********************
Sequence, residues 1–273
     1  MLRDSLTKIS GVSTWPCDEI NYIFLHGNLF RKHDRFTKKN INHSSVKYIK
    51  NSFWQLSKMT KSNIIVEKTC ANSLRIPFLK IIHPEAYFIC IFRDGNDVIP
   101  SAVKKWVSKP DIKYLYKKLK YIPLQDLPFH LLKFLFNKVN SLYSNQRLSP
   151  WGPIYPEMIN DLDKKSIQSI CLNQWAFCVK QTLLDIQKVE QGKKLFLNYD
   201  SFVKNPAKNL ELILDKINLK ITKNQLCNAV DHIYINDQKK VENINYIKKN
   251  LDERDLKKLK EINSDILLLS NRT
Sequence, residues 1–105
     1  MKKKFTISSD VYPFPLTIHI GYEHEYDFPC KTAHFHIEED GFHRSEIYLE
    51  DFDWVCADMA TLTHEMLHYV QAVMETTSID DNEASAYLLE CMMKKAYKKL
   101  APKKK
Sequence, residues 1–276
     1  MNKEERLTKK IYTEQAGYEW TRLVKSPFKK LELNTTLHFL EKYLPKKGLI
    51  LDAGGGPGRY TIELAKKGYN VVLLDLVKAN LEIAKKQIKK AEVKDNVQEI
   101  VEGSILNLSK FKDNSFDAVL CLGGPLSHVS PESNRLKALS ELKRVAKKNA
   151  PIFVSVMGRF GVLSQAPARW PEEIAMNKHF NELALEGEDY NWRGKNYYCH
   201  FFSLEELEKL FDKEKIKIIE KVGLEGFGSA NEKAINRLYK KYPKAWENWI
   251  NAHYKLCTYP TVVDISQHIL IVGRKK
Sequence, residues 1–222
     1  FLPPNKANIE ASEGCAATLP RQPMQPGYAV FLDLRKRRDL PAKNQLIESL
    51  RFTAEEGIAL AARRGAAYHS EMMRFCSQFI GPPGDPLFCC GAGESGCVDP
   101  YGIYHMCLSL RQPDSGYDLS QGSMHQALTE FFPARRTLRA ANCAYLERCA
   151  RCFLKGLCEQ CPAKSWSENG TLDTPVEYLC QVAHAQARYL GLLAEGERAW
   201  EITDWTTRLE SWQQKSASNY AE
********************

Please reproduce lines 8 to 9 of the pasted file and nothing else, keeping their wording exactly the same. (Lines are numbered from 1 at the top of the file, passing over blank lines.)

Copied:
Sequence, residues 1–105
     1  MKKKFTISSD VYPFPLTIHI GYEHEYDFPC KTAHFHIEED GFHRSEIYLE